Basic Authentication to no longer be available for Microsoft customers from the end of September

Microsoft is disabling Basic Authentication and moving standards towards Zero Trust. 

Microsoft has announced that Basic Authentication – a holdover from older verification standards on the internet – will be switched off on the 1st of October 2022. Companies and systems still relying on it will find themselves scrambling to switch to newer standards adhering to the Zero Trust concept. At TECH-ARROW, we already use Zero Trust, and are ready to bring our clients through this transition to a safer and more secure internet. With contentACCESS, you can use two-factor authentication and OAuth2 protocols to better protect your company information and your archived data.

Administrators who currently use Basic Authentication in Exchange Online should expect that the final deactivation can be done at any time starting from October 1, 2022, and that there will be no exceptions for tenants made.

Zero Trust – What is it, how does it work, and why is it important for your business?

Zero Trust, as a security model, is a framework based around the concept of “never trust, always verify” – demanding more rigorous standards for checking certificates and identity, no matter if devices are on a theoretically trusted network or not. The framework, as established by the National Cyber Security Centre, includes the following principles:

The network is hostile

Earlier security frameworks treated networks as a safe environment; devices connected within the closed network were viewed with inherent trust. Under Zero Trust, the assumption is reversed. Just because a device is present on your network does not mean it is trusted, and just because a device is trusted does not mean it should receive access to all of the network’s data. When on a closed network, connection attempts from a non-recognized device are automatically denied.

The user must be authenticated

Under Basic Authentication, users would authenticate with a single step – usually a password – to verify their identity and thus their credentials to access information. This approach is no longer considered sufficient, and requires more robust verification of user identity under Zero Trust including but not limited to extensive use of Multifactor Authentication (MFA).

Additional context, such as policy compliance and device health, must be taken into account

Scrutiny of attempted logins and access attempts has to be determined by their context and given variable degrees of attention: How much confidence you need in order to trust a connection depends on the value of data being accessed or the impact of the action being requested.

Zero Trust diagram

Image sourced from Microsoft Devblogs

Microsoft has their own framework, which includes several additional provisions to the NCSC one – the most important one being focused on minimizing “blast radius.” On the assumption that a breach will inevitably be made, Microsoft recommends implementing so-called just-in-time and just-enough-access (JIT/JEA). In this way, any time an outer layer of security is compromised, a relatively smaller volume of business information is exposed.

The Zero Trust model therefore aims to provide an increase to security beyond the level used in previous models, which depended on simple passwords (which, if compromised, gave malicious actors access to all the protected data) and certificate chains.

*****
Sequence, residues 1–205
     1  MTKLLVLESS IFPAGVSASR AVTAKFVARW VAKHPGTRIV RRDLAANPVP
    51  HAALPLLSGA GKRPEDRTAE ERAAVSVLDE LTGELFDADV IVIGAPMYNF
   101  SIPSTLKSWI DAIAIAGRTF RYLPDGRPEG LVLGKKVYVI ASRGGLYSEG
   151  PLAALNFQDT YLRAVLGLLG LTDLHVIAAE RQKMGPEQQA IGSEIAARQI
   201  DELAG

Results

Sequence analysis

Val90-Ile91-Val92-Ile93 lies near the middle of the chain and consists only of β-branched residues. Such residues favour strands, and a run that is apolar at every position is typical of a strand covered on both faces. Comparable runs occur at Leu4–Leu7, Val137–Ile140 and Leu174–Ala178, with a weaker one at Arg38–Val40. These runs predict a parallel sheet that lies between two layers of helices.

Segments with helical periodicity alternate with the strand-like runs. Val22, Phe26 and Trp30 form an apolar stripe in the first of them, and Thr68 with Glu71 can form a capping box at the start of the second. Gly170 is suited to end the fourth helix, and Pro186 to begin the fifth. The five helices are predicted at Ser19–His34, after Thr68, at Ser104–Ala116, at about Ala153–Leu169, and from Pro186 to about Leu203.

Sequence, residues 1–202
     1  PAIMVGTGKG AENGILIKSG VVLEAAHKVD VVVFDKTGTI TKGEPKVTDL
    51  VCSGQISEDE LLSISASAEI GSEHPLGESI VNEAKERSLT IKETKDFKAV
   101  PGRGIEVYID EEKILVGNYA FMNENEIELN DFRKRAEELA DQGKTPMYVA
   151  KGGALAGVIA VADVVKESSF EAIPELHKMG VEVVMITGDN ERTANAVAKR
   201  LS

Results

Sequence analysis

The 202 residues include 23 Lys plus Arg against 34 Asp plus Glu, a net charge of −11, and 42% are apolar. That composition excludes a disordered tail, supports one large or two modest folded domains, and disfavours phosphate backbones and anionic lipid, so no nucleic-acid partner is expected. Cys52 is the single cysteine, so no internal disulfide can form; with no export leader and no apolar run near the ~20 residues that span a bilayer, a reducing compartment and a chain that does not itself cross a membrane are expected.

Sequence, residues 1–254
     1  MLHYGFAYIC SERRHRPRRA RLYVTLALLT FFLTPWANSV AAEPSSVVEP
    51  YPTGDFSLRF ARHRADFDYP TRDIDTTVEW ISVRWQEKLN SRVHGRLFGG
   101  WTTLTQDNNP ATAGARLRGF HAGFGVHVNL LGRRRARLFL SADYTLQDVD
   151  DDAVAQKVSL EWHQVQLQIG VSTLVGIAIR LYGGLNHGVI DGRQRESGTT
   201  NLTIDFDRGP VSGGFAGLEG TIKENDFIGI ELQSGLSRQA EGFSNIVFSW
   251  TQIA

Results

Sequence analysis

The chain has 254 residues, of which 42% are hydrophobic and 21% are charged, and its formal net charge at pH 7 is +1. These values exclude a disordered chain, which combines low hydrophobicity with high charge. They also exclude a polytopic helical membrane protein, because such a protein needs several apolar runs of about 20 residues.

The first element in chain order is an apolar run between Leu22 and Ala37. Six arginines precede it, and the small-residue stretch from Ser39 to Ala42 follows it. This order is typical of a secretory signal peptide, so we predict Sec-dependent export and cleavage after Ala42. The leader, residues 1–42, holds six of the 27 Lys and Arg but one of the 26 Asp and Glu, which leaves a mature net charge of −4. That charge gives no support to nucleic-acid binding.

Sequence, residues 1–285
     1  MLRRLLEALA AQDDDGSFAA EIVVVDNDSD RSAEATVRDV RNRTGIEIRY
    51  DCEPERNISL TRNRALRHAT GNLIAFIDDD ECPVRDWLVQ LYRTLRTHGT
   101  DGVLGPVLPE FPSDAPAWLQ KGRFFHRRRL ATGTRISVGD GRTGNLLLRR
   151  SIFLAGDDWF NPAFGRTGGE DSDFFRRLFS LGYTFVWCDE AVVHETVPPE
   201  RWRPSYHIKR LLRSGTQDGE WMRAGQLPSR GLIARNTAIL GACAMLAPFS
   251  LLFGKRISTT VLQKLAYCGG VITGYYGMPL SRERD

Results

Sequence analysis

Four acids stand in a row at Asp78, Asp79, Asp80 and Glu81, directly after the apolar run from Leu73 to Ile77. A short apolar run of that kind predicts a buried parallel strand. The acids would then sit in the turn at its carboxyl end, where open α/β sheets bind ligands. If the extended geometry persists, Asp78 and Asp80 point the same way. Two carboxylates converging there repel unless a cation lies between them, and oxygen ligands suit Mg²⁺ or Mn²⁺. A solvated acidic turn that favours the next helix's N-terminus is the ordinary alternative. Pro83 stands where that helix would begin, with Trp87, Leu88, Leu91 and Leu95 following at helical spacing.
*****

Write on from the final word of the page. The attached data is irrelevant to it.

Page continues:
Protect your archived business data with contentACCESS Archive

TECH-ARROW’s contentACCESS already employs a Zero Trust framework, thanks to our implementation of the Open Authentication 2.0 authorization protocols. This more robust process helps ensure client information held in their archives is protected from being compromised, while still remaining readily accessible when needed.

The way OAuth 2.0 works is following this general flow:

  1. The client requests authorization from an Authorization server
  2. The Authorization server verifies the client and user, and verifies that their request is within the scope of their permissions
  3. The Authorization server connects to the Resource owner in order to grant access
  4. The Authorization server redirects back to the client and issues an access token
  5. The client connects to the Resource owner, which verifies the access token, and allows access to the desired resource

OAuth2.0 diagram

Image sourced from Business2Community

The key part of this process is that all the logins are verifiable. All component links of the chain broadcast who they are, on whose behalf they are acting, and what concrete permissions they have been given. Token exchanges can also have policies set regarding expiry periods, further allowing companies and organizations to fine-tune their security.

As Microsoft continues to push for stronger standards, chances are their requirements are only going to become more and more stringent. Companies whose products are out of date and coasting along on older standards will find themselves being cut off and scrambling to catch up as those older standards are taken offline, while their clients might potentially find themselves not covered.

TECH-ARROW prides ourselves on ensuring our clients are provided the best protection and experience possible. Our Zero-Trust adherent contentACCESS archive and backup has a proven track record of keeping archived data safe, secure, and ready for continued access and work. Why risk being left behind? If you are ready to take the next steps in future-proofing your company, contact us and we can set up a virtual meeting to discuss your way forward.


Take the best steps to protect your data – with TECH-ARROW.

Microsoft 365 archive

by Matúš Koronthály